Chicago Tribune columnist Eric Zorn hits the nail on the head in a recent column about Chicago Congressman Jesse Jackson, Jr.'s mysterious illness.
Zorn takes Jackson's office to task for mishandling the public communication of Jackson's condition or whereabouts.
Zorn argues that, "The first rule of crisis management is that a trickle of bad news is worse than a sudden erruption." And he's right.
Bad news actually gets worse if released slowly, over time. Better to get it over with quickly, address it and move on. Conversely, good news actually gets better if released over time. After all, which would you rather have, several presents under the Christmas tree to open over several hours or just one?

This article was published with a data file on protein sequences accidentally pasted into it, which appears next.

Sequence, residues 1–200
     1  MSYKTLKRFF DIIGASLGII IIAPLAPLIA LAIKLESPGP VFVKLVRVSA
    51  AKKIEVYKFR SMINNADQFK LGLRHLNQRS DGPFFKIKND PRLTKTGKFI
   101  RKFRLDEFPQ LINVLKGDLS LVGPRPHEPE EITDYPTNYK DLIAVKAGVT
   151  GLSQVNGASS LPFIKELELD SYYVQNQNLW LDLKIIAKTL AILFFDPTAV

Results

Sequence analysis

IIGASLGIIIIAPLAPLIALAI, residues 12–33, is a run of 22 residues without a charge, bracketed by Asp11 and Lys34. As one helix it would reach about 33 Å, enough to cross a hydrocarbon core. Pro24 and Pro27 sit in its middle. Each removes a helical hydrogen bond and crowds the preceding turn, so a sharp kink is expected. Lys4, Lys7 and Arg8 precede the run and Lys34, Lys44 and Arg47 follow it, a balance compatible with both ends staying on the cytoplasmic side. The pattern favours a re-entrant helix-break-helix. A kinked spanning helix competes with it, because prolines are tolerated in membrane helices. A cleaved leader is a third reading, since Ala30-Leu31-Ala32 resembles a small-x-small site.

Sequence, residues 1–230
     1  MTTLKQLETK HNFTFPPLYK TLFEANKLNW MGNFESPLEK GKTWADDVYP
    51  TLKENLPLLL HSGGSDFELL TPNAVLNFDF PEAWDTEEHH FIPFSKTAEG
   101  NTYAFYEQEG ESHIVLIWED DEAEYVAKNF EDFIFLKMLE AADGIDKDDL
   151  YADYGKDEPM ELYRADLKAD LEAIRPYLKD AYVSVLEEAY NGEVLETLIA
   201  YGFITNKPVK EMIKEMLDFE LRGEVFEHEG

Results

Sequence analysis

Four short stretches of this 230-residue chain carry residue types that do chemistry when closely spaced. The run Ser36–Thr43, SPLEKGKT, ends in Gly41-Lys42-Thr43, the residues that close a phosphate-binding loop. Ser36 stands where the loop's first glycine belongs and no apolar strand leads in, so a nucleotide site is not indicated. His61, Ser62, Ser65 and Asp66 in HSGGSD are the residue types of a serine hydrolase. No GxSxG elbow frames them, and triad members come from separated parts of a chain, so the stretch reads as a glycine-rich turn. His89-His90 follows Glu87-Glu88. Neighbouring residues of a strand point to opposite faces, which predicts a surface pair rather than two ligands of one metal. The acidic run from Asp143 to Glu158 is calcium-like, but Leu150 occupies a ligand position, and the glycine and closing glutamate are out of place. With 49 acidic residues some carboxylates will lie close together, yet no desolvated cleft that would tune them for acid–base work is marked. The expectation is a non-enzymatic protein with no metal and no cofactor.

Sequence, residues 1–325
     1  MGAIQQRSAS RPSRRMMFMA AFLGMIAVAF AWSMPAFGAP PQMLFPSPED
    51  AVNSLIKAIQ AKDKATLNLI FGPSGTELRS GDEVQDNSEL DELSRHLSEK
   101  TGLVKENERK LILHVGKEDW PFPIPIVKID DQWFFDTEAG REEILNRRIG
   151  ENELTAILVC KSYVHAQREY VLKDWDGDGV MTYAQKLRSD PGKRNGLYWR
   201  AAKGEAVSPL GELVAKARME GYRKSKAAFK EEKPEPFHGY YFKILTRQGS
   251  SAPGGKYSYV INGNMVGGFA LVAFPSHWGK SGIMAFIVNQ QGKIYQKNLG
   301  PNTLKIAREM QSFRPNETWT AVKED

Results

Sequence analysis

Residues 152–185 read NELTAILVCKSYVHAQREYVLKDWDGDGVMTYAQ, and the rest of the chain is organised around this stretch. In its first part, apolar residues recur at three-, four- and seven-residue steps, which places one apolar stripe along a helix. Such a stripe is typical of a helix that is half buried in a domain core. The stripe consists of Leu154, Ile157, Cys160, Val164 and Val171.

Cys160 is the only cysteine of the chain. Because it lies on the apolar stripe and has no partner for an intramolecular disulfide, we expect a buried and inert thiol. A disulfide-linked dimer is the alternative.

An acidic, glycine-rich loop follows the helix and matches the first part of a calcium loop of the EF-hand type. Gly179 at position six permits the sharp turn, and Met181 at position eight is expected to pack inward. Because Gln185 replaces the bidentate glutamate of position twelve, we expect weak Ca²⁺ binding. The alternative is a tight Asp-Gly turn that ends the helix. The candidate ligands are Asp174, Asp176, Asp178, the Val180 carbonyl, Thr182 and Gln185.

When you don't address the bad news, it never seems to end. As Zorn puts it, "You can never put behind you that which is conspicuously under wraps."
Crisis communications is about dealing with bad news. It's uncomfortable, even painful. It usually results in bad publicity. But when reporters sense there's more to the story, that you're holding back or that the other shoe may drop, they'll keep asking questions and writing stories.
So, if you're dealing with bad news, deal with it.
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